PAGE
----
Eurasian Wryneck Jynx torquilla
- Jynx : Greek word for “ Wryneck “. An important bird in ancient superstition, especially as a charm to bring back astrayed lover where the unfortunate bird being tied to a length of string was whirled around.
- Torquilla: Latin word torquere –to twist. The bird is called thus because of its strange serpentine head movements.
Vernacular Names: Hindi: Gardanaintha, Kash:Viri mot, Pun:Sappni, Cachar: Dao gogu,Guj: Thad-ranga, Dokamardi, Mar:Chitrang, Manmodi, Te:Medanulingadu
Distribution in India: Breeds in North West Himalayas and widespread winter visitorin India.
Description: Size of 16–18 cm; wt. of 30–50 g. It is a small, aberrant, long-tailed woodpecker with short, pointed bill very narrow across nostrils. Both sexes have forehead to hindneck pale grey, speckled darker, finely barred black and rufous, with tiny white feather tips. They have narrow creamy stripe from nostril to below eye; thin creamy supercilium, broad rufous-mottled black band from eye through upper ear-coverts and irregularly down neck side. They have buff to cinnamon-buff stripe from bill base to lower ear-coverts and neck side, usually finely barred dark; upperparts are pale grey, finely dark-speckled and with narrow dark shaft streaks, feathers are with black, rufous and whitish marks at tips. The central mantle is black and edged rufous, this pattern often continuing as irregular band up to crown centre. The outer scapulars are black, large pale buffish spot at tip. The wing-coverts and tertials are brownish-buff; speckled grey and rufous-buff, thin black shaft streaks, black subterminal bars, and creamy tips. The primaries and secondaries are dark brown with rufous-buff spot-bars. The tail is with 4–5 irregular, thin black bars often bordered by grey and buff bands. The chin is whitish, throat and upper breast buff or cinnamon-buff, all narrowly vermiculated black, often incomplete dark malar stripe. Rest of underparts are whitish with variable cream or buff suffusion, narrow dark bars on breast, arrowhead marks on lower underparts, underwingis barred grey and white, coverts are buff with black bars. The bill is dark horn-brown, often tinged green; iris is brown to red-brown; legs are brownish to grey-green, occasionally tinged yellow or pink.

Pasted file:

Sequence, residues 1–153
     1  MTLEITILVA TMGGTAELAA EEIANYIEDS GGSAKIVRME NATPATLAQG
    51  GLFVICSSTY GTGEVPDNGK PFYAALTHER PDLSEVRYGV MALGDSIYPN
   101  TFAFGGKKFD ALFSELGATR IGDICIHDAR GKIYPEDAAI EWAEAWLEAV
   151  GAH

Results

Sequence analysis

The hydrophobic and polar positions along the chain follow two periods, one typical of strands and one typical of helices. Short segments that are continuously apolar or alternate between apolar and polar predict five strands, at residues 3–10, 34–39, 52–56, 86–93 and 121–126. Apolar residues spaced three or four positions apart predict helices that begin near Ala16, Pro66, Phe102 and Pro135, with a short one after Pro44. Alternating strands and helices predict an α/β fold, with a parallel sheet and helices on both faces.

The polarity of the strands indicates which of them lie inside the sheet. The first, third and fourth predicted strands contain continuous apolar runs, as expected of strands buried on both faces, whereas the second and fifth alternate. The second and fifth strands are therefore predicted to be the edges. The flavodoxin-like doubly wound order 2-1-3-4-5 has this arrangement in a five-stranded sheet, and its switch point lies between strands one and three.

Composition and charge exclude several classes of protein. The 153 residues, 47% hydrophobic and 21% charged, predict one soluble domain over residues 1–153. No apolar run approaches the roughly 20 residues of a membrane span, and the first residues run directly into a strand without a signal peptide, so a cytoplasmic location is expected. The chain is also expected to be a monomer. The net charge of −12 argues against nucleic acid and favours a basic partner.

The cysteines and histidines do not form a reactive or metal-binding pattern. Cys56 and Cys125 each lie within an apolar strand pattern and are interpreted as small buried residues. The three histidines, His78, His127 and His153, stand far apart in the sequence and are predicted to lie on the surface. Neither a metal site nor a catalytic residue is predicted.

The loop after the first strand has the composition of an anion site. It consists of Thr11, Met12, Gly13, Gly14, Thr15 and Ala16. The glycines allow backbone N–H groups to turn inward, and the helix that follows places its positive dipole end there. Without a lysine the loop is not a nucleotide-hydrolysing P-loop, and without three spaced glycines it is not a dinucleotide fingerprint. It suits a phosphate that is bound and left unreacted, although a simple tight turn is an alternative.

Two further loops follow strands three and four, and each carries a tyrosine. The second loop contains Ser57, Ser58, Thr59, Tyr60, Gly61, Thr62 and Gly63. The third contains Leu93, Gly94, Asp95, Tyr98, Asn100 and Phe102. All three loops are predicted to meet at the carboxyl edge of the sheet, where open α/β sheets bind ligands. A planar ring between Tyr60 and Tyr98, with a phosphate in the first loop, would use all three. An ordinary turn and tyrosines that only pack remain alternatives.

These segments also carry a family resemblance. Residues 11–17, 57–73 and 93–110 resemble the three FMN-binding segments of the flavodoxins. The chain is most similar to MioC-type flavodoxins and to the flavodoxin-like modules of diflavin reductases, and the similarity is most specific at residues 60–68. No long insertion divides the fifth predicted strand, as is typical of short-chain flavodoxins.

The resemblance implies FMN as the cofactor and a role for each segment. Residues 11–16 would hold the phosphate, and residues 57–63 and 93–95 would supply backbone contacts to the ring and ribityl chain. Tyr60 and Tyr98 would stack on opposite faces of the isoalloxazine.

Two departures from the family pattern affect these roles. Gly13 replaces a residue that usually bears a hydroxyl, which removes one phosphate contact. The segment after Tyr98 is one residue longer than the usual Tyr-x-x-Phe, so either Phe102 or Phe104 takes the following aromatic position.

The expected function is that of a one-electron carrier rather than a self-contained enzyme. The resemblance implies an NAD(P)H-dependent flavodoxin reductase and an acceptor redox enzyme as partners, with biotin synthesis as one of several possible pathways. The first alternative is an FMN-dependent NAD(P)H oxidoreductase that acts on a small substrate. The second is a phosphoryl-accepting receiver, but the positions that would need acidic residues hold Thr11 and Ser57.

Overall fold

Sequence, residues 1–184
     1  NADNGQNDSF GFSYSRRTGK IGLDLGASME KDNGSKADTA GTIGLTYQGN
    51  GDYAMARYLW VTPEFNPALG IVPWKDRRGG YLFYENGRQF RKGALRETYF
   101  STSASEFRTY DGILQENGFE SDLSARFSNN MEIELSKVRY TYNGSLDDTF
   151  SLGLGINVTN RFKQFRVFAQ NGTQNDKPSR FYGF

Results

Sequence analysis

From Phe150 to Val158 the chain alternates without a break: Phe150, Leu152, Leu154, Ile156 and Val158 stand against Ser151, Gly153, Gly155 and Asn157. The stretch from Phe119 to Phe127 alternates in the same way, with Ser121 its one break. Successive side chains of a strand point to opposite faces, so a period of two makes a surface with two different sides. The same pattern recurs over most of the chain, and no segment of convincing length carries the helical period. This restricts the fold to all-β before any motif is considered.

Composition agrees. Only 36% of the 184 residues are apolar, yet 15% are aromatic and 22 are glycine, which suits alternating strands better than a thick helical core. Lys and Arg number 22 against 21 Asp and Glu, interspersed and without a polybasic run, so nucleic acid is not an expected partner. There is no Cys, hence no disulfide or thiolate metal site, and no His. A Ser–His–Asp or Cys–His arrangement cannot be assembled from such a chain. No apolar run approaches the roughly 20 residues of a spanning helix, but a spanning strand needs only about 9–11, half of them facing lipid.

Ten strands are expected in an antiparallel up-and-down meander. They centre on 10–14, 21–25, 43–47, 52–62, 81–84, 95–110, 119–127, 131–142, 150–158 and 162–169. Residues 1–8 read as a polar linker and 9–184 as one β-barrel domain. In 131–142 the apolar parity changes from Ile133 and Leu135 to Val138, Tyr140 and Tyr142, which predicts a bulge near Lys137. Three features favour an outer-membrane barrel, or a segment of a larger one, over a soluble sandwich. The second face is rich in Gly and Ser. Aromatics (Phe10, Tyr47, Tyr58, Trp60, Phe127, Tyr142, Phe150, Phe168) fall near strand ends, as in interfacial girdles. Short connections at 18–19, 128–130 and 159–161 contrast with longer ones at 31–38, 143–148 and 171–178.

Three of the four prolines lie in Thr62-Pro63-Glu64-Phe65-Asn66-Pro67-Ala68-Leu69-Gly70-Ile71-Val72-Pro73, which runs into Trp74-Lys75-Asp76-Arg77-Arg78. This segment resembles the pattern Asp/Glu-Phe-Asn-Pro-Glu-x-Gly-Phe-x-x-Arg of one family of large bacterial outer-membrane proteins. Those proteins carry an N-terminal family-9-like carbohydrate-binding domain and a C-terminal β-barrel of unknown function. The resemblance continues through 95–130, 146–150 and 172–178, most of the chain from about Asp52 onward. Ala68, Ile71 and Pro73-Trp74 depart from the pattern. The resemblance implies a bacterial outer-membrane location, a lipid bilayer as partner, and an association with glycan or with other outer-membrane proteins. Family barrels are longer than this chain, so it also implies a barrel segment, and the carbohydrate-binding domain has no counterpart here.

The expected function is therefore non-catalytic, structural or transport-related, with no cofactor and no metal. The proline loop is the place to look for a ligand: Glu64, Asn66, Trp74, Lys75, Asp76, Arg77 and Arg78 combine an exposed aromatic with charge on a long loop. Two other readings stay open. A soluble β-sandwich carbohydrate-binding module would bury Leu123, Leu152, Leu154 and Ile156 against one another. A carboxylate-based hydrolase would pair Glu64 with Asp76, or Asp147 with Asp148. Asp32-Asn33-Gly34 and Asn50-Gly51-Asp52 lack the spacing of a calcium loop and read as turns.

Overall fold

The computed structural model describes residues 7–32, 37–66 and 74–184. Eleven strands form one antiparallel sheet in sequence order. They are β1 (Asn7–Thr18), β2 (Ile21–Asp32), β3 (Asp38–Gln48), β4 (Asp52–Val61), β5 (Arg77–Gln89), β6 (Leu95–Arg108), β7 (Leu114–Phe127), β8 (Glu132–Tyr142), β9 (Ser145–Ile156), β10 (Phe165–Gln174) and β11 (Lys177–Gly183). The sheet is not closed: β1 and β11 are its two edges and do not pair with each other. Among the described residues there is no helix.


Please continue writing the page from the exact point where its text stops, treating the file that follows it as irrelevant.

Habitat: It is found in open forest, clearings, woodland with low undergrowth, wooded pasture, and unimproved meadowland with scattered trees, so long as dry and sunlit, and grass areas not too well developed, plantations, parks, orchards, larger gardens and non-intensive farmland. In non-breeding season it is found in open dry woodland, bushy grassland and gardens, scrub, thickets, also in canopy of forest and in cultivations. It is found in lowlands up to 3300m.
Food habits: It eats ants, mainly larvae and pupae; other insects likesmall beetles, aphids, Lepidoptera, dipteran flies, bugs,spiders , woodlice , molluscs, frog tadpoles, bird eggs and rarely, plant matter like berries. It forages mainly on the ground and occasionally in trees. It procures prey from crevices or from the surface. It uses the bill to open anthills. It hops on ground and along horizontal or sloping branches.
Breeding habits: They breed in May–Jun in India. They are territorial; home range is large at start of breeding season, shrinking considerably after pairing. They sing on exposed perch or from prospective nest-hole. On meeting, partners, the breeding display is by head-swinging with ruffled head feathers; courtship feeding may extend into incubation period. The nest-site is selected by both sexes, in natural cavity, in old hole of another woodpecker, or in artificial nest box. The cavity is cleaned out over several days, removes any eggs or chicks of other hole-nester. They lay a clutch of 7–12 eggs. The incubation is done by both adults. The incubation period is 11–12 days. The nestlings are fed by both parents. The adults respond to intruders with characteristic snake-like head movements and hissing. The fledging period is 20–22 days. The chicks are independent after 1–2 weeks.